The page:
Of course it is quite easy to give too much; but judgment and a little experience will be the best guide to the time when water ought to be given. Generally speaking, when the particles of soil are in a state of non-cohesion, no harm will accrue from giving water, even though the plant does not seem to require it, only water ought to be withheld till the same non-cohesive property is noticed in the soil. Plants watered thus never suffer a check from want of water. In the case of fruits grown in pots, such as the Vine, Peach, etc, in flowers such as Cinerarias, Calceolarias, and others, unless treated thus, satisfactory results need not be looked for. We know perfectly well that plants extract moisture from the soil when to all appearance there is none in it; but this is only a power for the preservation of life, common to animals as well as plants. No one will say that it is impossible for animal life to be preserved for days without food, but as little will any one say that such a state is conducive to healthiness. It is just the same in the case of plants.

Allowing them to become dry deprives them of the means whereby they procure sustenance; and, though not killed, if this style of watering is persisted in, the penalty will be stunted plants, and flowers and fruit deficient in quantity and quality, besides an unlimited host of insect pests to keep under, and a larger quantity of water required to moisten the soil, besides what escapes between the shrunken ball and the pot. The quantity of water required at one time for a plant is well worthy of attention. When the soil is constantly kept moist, it will be found that very little is needed to thoroughly wet it. Any more is prejudicial, inasmuch as every drop of water which drains through the bottom of the pot has dissolved its share of the goodness in the soil, and carries it with it.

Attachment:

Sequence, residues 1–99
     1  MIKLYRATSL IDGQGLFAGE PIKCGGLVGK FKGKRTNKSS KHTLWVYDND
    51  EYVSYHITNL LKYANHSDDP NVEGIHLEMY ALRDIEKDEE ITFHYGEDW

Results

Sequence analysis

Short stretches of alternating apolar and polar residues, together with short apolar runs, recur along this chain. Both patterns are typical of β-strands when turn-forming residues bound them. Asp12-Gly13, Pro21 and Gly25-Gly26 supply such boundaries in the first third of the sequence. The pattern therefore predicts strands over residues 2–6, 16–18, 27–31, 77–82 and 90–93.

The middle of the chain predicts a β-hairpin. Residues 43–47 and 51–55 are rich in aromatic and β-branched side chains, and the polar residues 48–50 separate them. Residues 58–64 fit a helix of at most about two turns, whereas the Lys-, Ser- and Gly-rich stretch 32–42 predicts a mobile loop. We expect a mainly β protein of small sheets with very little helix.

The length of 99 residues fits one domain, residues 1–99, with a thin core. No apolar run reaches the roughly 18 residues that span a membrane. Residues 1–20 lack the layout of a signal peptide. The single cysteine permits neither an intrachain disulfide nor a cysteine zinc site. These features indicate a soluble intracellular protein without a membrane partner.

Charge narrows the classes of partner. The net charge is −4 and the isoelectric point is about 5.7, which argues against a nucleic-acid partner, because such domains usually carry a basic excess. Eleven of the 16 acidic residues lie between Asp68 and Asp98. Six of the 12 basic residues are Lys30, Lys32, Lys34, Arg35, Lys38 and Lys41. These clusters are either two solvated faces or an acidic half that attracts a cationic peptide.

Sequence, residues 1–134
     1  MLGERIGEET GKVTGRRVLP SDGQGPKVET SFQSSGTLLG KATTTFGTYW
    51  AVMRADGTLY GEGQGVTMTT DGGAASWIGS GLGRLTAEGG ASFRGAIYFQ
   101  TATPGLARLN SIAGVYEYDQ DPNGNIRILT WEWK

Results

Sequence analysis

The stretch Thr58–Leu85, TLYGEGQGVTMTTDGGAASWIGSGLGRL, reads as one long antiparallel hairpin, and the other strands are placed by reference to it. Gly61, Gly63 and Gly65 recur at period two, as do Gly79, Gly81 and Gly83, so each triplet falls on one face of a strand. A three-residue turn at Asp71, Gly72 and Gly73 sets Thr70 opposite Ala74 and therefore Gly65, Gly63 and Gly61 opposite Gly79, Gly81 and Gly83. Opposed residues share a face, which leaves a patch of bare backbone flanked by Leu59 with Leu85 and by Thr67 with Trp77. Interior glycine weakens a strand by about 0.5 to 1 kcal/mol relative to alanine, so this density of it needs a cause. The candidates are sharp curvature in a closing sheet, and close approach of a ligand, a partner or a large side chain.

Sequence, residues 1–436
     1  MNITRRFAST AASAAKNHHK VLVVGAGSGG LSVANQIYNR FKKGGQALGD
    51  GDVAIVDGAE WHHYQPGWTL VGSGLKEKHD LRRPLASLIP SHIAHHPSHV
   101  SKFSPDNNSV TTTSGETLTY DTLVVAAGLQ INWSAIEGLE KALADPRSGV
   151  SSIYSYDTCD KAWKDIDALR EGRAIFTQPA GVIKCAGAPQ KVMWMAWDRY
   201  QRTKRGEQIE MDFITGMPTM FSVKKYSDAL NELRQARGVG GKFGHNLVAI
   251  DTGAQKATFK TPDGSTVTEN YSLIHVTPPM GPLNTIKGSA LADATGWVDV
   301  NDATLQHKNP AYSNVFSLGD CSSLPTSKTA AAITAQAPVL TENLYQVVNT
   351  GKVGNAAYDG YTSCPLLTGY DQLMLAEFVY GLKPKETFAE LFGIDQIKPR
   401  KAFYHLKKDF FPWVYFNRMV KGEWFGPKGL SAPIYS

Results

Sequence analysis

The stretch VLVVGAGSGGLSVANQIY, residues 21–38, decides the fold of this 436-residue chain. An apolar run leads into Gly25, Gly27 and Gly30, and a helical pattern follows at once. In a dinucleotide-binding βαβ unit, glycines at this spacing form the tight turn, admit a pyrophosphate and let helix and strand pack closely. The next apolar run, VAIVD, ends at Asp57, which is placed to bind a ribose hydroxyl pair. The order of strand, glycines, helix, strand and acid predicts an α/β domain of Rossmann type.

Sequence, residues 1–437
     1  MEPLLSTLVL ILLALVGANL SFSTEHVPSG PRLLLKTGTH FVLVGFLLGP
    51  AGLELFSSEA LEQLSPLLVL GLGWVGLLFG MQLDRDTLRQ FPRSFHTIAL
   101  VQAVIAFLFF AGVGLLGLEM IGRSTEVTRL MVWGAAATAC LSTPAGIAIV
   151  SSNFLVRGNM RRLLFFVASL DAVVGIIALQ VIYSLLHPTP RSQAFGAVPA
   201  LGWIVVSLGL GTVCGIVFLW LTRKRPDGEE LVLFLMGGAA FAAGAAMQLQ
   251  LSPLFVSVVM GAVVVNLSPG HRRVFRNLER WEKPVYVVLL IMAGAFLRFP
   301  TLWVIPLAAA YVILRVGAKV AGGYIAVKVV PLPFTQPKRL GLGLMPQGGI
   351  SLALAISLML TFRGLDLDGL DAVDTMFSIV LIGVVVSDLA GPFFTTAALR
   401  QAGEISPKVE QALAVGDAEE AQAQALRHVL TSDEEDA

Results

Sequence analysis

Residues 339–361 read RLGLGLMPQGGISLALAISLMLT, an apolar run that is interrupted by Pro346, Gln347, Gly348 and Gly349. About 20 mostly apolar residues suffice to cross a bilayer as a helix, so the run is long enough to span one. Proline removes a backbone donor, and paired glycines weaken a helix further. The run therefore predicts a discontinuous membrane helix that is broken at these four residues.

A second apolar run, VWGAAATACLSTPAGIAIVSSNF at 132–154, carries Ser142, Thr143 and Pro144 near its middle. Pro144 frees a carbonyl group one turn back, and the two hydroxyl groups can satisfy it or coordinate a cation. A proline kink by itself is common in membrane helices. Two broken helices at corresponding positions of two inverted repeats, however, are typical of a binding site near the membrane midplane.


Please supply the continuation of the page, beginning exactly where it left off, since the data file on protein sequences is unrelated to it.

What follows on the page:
As to the rationale of supplying plants with manure-water, we always consider it full time to use it when a plant has well-nigh used up the soil in the pot in which it is intended for flowering or fruiting. A great many gardeners abstain from using it till the buds are set, and supply it to the plant one, two, or three times a-week. Why it should not be used for watering every time the plants require it, is not very clear to us. Giving weak manure-water continually when the soil is exhausted, appears, to say the least of it, a more reasonable mode of using it than the plan of using it stronger and occasionally. Some people make a point of faring almost sumptuously on Sundays, and going on "short commons" during the remainder of the week; and giving manure-water in this manner bears some resemblance to it. We know that the plant will not use more in one day than sufficient for its wants, leaving the remainder for future use; still, little and often we believe to be best. Our ideas on this part of the subject are, give manure-water as soon as a plant has filled its blooming-pot with roots; give it every time water is required, taking care that it is very weak at first, though it ought to be of a stronger nature as the roots increase in quantity and the plant in size.

Treated thus, there is a certainty of giving enough food; but as the buds expand and the flowers develop, feeding ought to be dispensed with, and water pure and simple used.

We hope it will be understood that these Notes do not apply to orchidaceous nor cryptogamous plants, nor to any species whose natural habitat is a dry one at root. R. P. B.